TNS: Archaeology of the future

Posted On: Sunday, October 9th, 2022 | by project88pressadmin

by Quddus Mirza

Artist Risham Syed offers a view of our existence, normally unnoticed due to its familiarity

Archaeology of the future

Arriving in London in 1994 to acquire her MA Painting from the Royal College of Art, Risham Syed bought that small book, which every traveller and resident of the metropolis used to have, London AZ, the street atlas, with all lanes, roads and neighbourhoods clearly marked, mapped and defined.

In 2022, you hardly find this publication in a bookstore, or at tourist shops – because of Google maps, an app that enables a user to find his/ her way with the help of a smart phone anywhere in the world.

Before these handy devices, humans needed to navigate their routes, record their voyages, document their conquests and plan their trade with maps made on multiple surfaces. Maps were also a means to connect and contextualise one’s location – hence identity – in relation to other regions. From the Babylonian world map (750-500 BCE) to Indian, Chinese, Aztec, Arab, Medieval European and colonial cartography, mankind has been denoting/ documenting its surroundings, employing several methods, means and systems.

Some of the earliest maps are commerce routes, or sketches of distant lands occupied by invaders. In a sense, there is no difference between the two. For example, the East India Company started its business as a merchandising body, but eventually became an accomplice in the occupation of the subcontinent. The phenomenon has gone on till this day in various disguises. Culture, politics, ideologies are spread through commercial goods. In this age, multinational businesses entail the strategy of alienating a people from the harmony of their traditional existence: creating a yearning and need in them for items produced outside of their geography, way of living, environment and introducing products that satiate their inflated desires/ requirements. Billions enjoying Coke in Asia, Africa, and Latin America are substituting their conventional beverages for the Yankee delight, thus yielding an invisible supremacy to North America/ West. McDonald’s, Papa John’s, Levi’s Jeans are just a few names in the long list of food and clothes chains that have transformed societies around the globe.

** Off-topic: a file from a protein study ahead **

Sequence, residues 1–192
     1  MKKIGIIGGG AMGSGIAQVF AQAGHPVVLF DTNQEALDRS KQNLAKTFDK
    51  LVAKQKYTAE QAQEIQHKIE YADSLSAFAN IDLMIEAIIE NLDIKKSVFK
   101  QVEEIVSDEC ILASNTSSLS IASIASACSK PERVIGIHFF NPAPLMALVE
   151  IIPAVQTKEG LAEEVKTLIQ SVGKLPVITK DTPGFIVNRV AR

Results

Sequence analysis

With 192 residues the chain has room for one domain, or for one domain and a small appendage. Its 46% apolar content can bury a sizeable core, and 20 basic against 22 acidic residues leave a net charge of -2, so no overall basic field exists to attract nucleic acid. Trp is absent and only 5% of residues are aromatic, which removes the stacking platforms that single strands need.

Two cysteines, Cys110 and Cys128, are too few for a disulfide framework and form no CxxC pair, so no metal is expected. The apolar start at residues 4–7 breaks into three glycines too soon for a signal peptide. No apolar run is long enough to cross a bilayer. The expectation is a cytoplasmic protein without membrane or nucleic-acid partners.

Risham Syed, recognises this situation in her recent work on display at her solo exhibition Appointments and Disappointments with History (September 27-October 6) at Canvas Gallery, Karachi. A total of eight artworks installed at the gallery (abundantly lit, but suspended in dark space) are mainly textile-based surfaces along with domestic objects. Hung like carpet/ partition/ painting, the artist has created quilts with layers of images. Her show seems like a walk through a museum of industrialisation, colonisation, and exploitation.

The quilt like panels are fabricated with Chinese silk of her “mother’s prized possession. She [the mother] would talk about making quilts out of these”. Now the daughter has accomplished her mother’s plan, by “probing the history of this fabric as a material tied up with trade, power, class and culture, hence smeared with violence, drudgery, upheaval and turmoil”.


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